Unless you wish to do something unusual/unconventional there are really only two types of roofing.
High tensile sheet roofing and masonry (or terra cotta) roofing tiles. These are the most commonly available and economical roof solutions around the world.
Both systems provide a wide variety of profiles and colours. Each also has their respective advantages and disadvantages.
When it’s all said and done both are fairly equal in performance and price.
In most cases, home buyers are more concerned with the look of one over the other rather than the performance of the respective materials.
If you are building or matching a classic design then tiles are usually sought out.
The main limitations of tiles are they must be laid on a minimum pitch of 22+ degrees of incline.
Tiles are also generally not recommended for high wind, cyclone or earthquake-prone areas.
Also, tiles don’t seal the roof space as well as metal so should have an underlayer (sarking) to make the roof space airtight and deflect condensation.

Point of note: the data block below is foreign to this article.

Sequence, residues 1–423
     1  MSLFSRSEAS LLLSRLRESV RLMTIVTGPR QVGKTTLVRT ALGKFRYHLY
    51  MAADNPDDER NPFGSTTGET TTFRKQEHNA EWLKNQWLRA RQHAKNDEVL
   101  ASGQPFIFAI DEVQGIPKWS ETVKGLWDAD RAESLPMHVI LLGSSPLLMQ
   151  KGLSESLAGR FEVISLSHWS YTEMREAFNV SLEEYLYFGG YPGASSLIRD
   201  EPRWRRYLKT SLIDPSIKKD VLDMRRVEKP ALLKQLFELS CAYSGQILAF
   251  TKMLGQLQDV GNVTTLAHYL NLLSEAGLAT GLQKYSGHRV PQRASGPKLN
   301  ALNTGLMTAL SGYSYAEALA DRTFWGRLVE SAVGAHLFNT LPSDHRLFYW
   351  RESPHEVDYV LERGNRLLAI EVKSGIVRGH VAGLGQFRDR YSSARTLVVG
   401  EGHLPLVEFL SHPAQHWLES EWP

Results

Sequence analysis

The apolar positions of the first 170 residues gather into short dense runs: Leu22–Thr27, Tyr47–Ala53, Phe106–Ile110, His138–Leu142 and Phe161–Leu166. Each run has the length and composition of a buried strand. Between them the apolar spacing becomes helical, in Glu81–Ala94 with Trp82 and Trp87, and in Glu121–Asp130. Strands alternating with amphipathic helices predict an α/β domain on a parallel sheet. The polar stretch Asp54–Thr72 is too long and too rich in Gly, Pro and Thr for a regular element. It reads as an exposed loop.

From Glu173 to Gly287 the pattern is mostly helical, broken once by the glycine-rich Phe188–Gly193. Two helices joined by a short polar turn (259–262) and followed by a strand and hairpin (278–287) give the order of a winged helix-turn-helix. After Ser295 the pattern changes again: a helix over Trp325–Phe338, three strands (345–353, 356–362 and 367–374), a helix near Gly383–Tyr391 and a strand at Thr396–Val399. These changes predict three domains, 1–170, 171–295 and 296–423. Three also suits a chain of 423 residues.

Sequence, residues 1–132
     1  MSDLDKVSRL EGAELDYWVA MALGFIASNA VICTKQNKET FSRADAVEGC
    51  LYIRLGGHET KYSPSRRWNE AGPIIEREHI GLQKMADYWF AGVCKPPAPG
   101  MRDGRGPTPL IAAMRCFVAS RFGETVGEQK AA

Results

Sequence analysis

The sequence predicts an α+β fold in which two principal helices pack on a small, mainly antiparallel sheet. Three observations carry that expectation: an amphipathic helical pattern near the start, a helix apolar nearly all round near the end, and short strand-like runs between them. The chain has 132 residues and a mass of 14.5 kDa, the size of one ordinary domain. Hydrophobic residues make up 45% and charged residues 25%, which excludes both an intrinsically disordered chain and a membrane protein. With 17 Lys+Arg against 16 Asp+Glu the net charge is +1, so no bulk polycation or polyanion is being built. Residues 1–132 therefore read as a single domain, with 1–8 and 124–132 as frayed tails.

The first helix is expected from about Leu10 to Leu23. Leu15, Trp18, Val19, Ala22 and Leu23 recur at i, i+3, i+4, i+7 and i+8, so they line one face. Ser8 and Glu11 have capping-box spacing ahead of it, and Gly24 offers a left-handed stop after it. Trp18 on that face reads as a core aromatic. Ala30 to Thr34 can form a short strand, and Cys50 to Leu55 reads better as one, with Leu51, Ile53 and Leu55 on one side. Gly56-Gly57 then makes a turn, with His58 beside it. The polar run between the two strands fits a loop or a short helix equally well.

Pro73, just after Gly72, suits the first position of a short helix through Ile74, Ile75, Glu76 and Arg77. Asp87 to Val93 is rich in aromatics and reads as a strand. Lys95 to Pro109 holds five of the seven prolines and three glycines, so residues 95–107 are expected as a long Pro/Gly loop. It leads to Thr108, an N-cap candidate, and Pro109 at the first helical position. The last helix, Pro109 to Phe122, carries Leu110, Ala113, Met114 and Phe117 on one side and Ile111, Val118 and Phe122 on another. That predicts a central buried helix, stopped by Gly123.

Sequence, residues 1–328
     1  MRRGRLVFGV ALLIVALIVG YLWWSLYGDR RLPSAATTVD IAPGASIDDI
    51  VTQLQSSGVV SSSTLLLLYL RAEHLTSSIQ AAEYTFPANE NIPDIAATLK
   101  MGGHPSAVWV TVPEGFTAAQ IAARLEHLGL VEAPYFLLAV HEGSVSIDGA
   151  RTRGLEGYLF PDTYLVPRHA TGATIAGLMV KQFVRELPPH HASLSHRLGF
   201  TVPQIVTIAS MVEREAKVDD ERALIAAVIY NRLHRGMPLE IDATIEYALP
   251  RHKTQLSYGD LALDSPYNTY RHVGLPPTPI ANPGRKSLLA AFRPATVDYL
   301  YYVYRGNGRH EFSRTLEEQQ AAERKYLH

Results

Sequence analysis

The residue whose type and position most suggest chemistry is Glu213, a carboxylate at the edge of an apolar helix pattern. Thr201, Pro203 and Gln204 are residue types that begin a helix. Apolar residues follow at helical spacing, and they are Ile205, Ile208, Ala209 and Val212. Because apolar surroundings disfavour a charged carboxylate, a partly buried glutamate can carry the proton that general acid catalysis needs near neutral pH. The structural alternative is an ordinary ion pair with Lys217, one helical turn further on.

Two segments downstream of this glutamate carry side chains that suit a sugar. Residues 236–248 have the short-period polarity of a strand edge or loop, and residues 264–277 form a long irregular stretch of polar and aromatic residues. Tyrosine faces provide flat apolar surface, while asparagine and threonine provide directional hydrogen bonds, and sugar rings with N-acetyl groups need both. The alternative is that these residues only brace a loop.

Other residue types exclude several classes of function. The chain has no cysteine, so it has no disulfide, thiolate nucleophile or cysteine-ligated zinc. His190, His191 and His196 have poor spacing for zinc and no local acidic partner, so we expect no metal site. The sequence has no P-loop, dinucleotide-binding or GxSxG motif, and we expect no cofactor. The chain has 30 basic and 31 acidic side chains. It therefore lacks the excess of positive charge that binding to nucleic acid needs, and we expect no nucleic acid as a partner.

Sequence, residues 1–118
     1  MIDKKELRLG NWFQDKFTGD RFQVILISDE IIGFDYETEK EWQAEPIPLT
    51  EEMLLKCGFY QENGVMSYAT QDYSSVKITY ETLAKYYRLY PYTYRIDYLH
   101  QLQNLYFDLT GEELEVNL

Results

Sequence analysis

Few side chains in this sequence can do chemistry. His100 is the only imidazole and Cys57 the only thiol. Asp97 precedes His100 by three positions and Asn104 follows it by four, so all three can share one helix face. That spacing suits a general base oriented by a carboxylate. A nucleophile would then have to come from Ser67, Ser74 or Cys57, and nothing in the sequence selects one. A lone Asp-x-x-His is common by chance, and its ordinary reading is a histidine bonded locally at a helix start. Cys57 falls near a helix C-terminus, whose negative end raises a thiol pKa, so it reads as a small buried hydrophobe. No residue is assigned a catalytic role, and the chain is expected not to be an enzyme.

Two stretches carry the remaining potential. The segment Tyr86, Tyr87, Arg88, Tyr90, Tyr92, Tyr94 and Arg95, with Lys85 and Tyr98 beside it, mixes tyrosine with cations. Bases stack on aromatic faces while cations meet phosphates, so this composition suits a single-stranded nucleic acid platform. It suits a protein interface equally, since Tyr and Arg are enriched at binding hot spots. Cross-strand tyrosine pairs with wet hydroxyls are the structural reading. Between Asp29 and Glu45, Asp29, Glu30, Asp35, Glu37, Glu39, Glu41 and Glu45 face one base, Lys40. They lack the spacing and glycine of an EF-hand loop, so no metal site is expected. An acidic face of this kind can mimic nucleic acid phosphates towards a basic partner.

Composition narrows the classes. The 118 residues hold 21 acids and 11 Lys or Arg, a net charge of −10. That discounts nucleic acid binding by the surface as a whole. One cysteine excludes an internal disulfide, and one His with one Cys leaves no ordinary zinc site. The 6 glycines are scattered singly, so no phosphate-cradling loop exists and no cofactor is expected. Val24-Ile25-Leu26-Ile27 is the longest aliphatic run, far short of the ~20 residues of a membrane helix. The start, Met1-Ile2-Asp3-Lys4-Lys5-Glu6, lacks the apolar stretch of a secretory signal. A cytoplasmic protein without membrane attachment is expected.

Tiles are also heavier, requiring stronger roof structure. The positives are tiles last indefinitely and provide a look of solidity, are easily repaired and come in many profiles and colours.
Metal roofs are becoming ever more popular, mainly due to the design flexibility they offer.
In theory, they work from flat, to curved and anything in between. However, it is important to have at least 3 degrees fall on any flat roof to avoid storm leak issues. The flatter the roof the greater need for large gutters and overflows.
Colorbond and Zincalume coatings are guaranteed for 25 years but should be expected to last twice that and more. Bluescope (Australian coil steel producer) also provide up-specified, coated steel for coastal/corrosive environments. Metal roofs provide a very efficient base for solar panel installations. If installed correctly they provide an airtight roof space which is essential for energy efficient homes.
That leaves various types of felt or masonry shingle style roofs, different metals, plastics and panels.
These are more for commercial applications or big budget domestic designs including membrane roofs which can be paved and or landscaped with turf etc. One of the largest examples of the turf roof is Parliament House in Canberra. The Turf roof has received more attention, of late, through such reality shows as Grand Designs. They are very expensive and generally not economically accessible to the average home builder.